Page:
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Staph Found In Illinois Bakery Tied to Outbreak

Staphyloicoccus aureus (S. aureus) was found inside a Chicago-area cake bakery and in the topping used to finish its cakes, the U.S. Food and Drug Administration said in a recently released June 1 warning letter.

Rolfs Patisserie of Lincolnwood, IL. was implicated in an outbreak last December that sickened some 100 people. Many of those who became ill had reported eating desserts at catered holiday parties and at a restaurant. Three of the events had been held in Illinois. Seventy illnesses were reported following a single event in Wisconsin.

In connection to that outbreak, Rolf’s Patisserie, which advertises as “a gourmet European Style Bakery” with cakes, pastries, pies and tarts, recalled all its products, including gingerbread houses sold through Whole Markets in 22 states.

Rolfs, which employs about 134. temporarily shut down its operations during the outbreak investigation to sanitize the bakery.

According to the FDA warning letter, S. aureus contamination was found inside the company’s 20,000 square-foot facility. FDA inspected the bakery last Dec. 23 through Feb. 23, taking multiple environmental samples, including those that returned positive for the staph. In the topping material, FDA “confirmed the presence of multiple enterotoxigenic (toxin-producing) strains of s. aureus.”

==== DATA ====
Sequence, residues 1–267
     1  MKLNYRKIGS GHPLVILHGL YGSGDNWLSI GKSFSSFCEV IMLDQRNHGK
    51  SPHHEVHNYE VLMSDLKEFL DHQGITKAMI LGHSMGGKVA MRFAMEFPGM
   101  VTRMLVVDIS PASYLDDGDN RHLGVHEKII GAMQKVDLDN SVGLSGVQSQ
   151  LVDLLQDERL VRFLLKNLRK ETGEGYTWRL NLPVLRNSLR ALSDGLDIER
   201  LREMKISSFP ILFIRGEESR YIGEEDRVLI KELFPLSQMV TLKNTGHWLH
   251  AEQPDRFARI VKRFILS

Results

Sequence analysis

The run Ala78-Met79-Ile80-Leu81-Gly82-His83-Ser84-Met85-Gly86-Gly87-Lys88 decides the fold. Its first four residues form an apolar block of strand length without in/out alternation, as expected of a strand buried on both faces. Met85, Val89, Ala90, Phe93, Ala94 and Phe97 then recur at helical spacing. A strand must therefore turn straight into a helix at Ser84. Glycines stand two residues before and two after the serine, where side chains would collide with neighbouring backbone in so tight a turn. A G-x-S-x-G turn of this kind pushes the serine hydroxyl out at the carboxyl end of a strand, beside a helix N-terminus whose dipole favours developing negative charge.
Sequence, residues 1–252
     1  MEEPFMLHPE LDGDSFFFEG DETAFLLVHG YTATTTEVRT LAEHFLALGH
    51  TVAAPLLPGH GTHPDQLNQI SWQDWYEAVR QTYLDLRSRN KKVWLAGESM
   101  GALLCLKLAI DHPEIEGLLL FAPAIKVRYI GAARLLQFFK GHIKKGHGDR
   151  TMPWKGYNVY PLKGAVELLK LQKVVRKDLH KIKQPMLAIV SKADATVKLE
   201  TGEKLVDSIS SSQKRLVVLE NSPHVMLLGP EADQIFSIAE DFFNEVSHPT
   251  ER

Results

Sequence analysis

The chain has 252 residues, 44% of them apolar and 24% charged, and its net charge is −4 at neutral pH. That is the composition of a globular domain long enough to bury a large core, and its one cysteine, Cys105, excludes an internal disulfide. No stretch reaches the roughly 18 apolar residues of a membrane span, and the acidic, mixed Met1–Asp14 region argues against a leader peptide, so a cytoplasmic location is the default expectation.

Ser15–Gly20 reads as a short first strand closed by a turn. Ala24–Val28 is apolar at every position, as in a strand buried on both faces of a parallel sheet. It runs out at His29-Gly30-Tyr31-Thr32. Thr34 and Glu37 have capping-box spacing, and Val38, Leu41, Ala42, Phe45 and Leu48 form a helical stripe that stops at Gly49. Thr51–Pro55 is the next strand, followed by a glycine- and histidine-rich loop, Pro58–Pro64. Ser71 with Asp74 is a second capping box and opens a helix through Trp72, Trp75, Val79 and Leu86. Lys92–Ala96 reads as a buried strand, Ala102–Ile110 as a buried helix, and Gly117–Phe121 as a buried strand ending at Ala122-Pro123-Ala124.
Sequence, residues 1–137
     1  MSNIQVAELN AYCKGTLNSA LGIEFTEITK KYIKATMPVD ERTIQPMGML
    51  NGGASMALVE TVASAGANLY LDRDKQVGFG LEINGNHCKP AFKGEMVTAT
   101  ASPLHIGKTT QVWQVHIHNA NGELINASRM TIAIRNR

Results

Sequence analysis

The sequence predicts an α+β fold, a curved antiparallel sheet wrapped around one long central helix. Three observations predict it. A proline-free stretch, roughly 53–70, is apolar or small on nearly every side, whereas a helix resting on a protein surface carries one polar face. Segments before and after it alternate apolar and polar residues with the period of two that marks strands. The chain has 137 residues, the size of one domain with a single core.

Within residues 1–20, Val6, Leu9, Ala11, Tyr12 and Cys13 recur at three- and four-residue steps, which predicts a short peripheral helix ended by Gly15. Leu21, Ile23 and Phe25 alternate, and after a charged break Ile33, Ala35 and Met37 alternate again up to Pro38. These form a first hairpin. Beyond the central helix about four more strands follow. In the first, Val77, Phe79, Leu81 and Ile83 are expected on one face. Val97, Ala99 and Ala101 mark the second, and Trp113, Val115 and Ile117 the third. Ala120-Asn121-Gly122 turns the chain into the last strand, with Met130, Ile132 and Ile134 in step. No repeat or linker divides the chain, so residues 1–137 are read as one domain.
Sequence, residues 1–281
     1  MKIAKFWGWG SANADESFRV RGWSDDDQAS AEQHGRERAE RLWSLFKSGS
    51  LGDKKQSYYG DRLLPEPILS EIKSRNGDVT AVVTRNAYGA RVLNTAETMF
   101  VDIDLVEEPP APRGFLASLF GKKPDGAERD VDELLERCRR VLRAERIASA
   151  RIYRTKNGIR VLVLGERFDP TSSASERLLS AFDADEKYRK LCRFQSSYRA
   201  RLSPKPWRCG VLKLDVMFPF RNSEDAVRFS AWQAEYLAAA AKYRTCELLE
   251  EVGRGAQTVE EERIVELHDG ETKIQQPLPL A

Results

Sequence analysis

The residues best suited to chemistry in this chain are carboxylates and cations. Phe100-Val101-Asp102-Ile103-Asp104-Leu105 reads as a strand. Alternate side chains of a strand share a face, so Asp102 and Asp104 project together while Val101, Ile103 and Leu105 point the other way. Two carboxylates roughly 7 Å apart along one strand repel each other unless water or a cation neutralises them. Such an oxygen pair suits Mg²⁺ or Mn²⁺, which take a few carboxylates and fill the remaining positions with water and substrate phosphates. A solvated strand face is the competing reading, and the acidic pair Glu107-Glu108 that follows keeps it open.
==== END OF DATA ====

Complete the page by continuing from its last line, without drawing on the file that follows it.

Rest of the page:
The warning letter alleges that Rolf’s failed to clean and sanitize equipment in a manner that would protect against contamination of food and food-contact surfaces.

“The diversity and widespread nature of contamination in your facility, including repeat findings from food contact surfaces even after those surfaces were cleaned and sanitized on December 27, 2010 and January 10, 2011, indicates that your cleaning and sanitation operations were ineffective, and that your firm has been operating under insanitary conditions which may reasonably cause contamination of food with this organism, and which may lead to toxin formation,” the warning letter states.

Rolf’s management replied to the inspection report on April 12, promising more frequent cleaning, but FDA found the bakery’s response to inadequate, saying it did not deal with effectiveness of the cleaning and sanitizing operation.

FDA also charged that foods that can support the rapid growth of undesirable microorganisms — particularly cream-filled pastries — were being held too long at unsafe temperatures.

“Exposure to temperatures favorable for S. aureus growth for sufficient time can allow for enterotoxin production,” FDA wrote.  “Accordingly, processing/storage temperature and time exposures are critical for reducing the risk of foodborne illness due to S. aureus enterotoxin. Foods, such as cream-filled pastries, that require considerable handling during preparation and that are kept at slightly elevated temperatures after preparation (over 45°F but below 140°F) are frequently involved in staphylococcal food poisoning.”

FDA’s Chicago district office asked the bakery to reply to the warning letter within 15 days with documentation on how it will correct the violations.

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